In a recent study published in BMC Medicine, researchers examined the association between exposure to alcohol in the periconceptional and prenatal periods and longitudinal growth of the fetus, focusing on the quantity and timing of alcohol consumption.
Study: Alcohol exposure before and during pregnancy is associated with reduced fetal growth: the Safe Passage Study. Image Credit: AfricaStudio/Shutterstock.com
Despite widespread efforts worldwide to spread awareness about the dangers of prenatal alcohol exposure, the prevalence of alcohol consumption among pregnant individuals across the globe is 10%.
The prevalence of prenatal alcohol consumption also varies across regions and countries, with the eastern Mediterranean region having the lowest average consumption and European countries having the highest average prenatal alcohol consumption. In some regions of South Africa, alcohol consumption among pregnant individuals is known to be as high as 38%.
Maternal alcohol exposure is known to cause fetal alcohol spectrum disorders (FASD), which results in a wide range of somatic anomalies, craniofacial abnormalities, and neurodevelopmental disabilities.
The diffusion of alcohol from the mother to the fetus through the placenta also results in the accumulation of alcohol in the amniotic fluid, resulting in prolonged alcohol exposure to the fetus.
However, while considerable research has been conducted on the impact of prenatal alcohol exposure on fetal development, very few studies have longitudinally or quantitatively assessed the association between fetal growth and alcohol consumption in pregnant individuals.
About the study
In the present study, the researchers examined data from the Safe Passage Study, which included a prospective cohort of 12,000 expectant mothers from specific communities with high prenatal alcohol consumption risk in the United States (U.S.) and South Africa.
The data included in the present study only examined the South African cohort. They evaluated prenatal alcohol exposure longitudinally as a continuous variable, emphasizing the quantity and timing of alcohol exposure.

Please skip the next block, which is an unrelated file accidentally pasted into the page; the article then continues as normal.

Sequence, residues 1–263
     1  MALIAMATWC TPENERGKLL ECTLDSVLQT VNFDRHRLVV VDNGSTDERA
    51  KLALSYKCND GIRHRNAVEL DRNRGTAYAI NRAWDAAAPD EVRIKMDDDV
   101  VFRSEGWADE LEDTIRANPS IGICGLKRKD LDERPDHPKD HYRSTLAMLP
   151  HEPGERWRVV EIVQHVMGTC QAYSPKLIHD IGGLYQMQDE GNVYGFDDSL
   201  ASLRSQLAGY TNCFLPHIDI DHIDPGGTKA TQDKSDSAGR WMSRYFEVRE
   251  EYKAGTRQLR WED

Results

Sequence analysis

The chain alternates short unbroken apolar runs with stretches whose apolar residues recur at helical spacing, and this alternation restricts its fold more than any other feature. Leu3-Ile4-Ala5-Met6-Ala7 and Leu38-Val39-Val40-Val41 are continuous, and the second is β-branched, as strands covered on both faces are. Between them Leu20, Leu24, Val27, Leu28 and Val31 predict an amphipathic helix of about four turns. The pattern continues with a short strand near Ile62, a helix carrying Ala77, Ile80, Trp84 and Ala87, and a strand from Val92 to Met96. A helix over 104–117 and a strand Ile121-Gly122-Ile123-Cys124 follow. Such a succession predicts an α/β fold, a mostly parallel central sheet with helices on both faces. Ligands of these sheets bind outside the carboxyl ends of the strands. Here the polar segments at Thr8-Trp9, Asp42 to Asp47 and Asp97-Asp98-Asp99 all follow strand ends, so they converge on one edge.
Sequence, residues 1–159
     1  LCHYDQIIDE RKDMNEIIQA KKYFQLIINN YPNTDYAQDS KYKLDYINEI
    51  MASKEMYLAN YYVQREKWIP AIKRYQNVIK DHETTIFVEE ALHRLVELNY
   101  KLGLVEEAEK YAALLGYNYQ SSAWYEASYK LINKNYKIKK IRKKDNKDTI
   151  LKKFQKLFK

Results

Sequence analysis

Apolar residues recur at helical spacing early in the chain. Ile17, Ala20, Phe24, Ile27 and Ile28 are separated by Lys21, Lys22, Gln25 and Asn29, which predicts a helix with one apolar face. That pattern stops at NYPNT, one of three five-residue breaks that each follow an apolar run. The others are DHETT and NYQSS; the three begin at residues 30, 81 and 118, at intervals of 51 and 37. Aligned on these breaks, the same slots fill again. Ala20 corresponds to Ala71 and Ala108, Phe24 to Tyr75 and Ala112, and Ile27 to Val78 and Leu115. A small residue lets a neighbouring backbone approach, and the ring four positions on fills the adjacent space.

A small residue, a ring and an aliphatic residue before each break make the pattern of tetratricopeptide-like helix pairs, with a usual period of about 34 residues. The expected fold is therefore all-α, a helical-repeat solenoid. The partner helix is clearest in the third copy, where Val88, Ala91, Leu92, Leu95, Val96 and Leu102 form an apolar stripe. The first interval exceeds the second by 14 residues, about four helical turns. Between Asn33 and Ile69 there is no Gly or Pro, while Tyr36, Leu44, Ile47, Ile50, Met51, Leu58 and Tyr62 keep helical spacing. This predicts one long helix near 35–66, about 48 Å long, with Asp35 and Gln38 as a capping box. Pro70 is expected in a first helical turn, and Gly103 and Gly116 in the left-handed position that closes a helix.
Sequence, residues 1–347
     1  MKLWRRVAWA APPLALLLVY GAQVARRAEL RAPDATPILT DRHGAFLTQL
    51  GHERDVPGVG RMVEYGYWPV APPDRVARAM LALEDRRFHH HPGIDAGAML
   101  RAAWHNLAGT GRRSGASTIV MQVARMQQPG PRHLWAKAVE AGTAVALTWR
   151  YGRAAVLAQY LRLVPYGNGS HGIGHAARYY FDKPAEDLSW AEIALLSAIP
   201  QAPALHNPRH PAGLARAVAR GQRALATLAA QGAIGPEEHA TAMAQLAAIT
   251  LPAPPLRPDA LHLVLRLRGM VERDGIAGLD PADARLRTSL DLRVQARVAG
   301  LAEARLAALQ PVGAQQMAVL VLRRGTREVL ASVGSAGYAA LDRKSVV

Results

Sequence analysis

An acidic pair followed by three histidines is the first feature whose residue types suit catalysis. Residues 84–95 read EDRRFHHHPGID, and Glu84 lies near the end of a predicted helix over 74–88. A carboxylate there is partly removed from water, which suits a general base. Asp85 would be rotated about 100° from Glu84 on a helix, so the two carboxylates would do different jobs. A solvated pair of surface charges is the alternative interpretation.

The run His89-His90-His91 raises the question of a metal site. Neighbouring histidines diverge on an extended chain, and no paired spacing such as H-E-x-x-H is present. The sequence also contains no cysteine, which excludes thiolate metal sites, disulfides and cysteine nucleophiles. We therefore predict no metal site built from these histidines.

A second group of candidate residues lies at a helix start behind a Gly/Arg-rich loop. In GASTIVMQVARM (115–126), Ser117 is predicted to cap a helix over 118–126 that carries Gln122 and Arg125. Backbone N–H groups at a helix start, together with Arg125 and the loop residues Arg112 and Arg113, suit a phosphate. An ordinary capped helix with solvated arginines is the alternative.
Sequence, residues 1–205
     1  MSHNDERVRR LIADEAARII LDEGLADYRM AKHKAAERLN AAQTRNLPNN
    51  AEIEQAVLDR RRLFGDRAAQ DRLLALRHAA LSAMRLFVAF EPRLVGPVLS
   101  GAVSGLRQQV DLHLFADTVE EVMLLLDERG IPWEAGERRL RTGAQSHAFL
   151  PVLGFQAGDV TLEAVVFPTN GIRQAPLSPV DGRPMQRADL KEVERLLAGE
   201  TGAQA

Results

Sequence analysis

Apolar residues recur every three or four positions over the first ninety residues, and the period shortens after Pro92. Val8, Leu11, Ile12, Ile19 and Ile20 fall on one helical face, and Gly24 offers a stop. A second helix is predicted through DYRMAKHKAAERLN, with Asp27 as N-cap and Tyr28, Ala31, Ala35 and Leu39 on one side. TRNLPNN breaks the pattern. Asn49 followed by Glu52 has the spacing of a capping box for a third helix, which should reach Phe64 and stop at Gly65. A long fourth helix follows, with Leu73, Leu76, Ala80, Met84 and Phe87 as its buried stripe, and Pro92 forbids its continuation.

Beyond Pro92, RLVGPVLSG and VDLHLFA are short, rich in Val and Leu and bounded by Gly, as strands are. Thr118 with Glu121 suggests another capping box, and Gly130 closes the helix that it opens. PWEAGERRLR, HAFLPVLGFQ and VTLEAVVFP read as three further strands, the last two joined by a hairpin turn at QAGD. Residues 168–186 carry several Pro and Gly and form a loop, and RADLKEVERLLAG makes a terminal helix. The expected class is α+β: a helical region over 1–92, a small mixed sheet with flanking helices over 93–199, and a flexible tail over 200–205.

Additional data was collected for a subset of randomly selected participants from the original cohort. These participants were enrolled in the study before six months of gestation, with follow-up visits between gestation stages of 20 and 24 weeks, 28 and 32 weeks, and after 34 weeks.
Women with incomplete ultrasound results and non-continuous follow-ups were excluded, as were pregnancies with other complications unrelated to alcohol consumption, such as stillbirths, miscarriages, congenital abnormalities, and twin pregnancies.
Interviews were conducted to collect information on alcohol consumption. They were classified according to the timing of alcohol consumption as during the preconception stage, 15 days before or after the last menstrual event, and during the first, second, or third trimesters. Information on maternal alcohol consumption and tobacco use was also collected during each follow-up prenatal visit.
Fetal growth measurements were obtained from progressive ultrasound images, including head circumference, biparietal diameter, abdominal circumference, and femur length.
These measures were also used to estimate fetal weight. Factors such as maternal age, medical and obstetric history, educational qualifications, income, and parity were recorded as potential covariates.
Information on maternal anxiety and depression, upper-arm circumference, and self-reported use of substances such as methamphetamines or marijuana was also collected.
The results indicated that alcohol consumption during the prenatal period has a negative impact on fetal growth, especially when alcohol consumption occurs in the preconception stage or during the second trimester.
Accumulative alcohol exposure was linked to decreased growth of the fetal abdomen and femur and an overall lower birth weight.
While alcohol consumption during the second trimester and the preconception period were linked to lower fetal and birth weight estimates, prenatal alcohol exposure during the third trimester was associated with an increase in birth weight.
However, lower femur growth was also seen in cases of prenatal alcohol exposure during the third trimester. Additionally, the use of tobacco along with alcohol consumption was also associated with a decrease in fetal femur growth.
Surprisingly, binge drinking, which was defined as consumption of greater than four portions of alcohol per occasion, did not show additional associations with impaired fetal growth.
The incidence of depression was also found to be close to 50% in the study population, and the researchers believe that it is correlated to the socio-economic status of the women in the study since they experience high levels of unemployment and poverty in the region.
Additionally, the researchers discussed some possible mechanisms that could explain the correlation between prenatal exposure to alcohol and impaired fetal growth, including the impact of alcohol on cellular proliferation and the involvement of genetic factors in growth deficiencies due to alcohol exposure.
Overall, the findings indicated that the timing and quantity of alcohol exposure during the prenatal stage did impact fetal growth, with exposure during the second trimester and the preconception period resulting in the impaired development of the fetal abdomen and femur and decreased birth weight.
These results further emphasize the need to educate expectant mothers and those attempting to conceive about the impact of alcohol consumption on the health and development of their fetuses.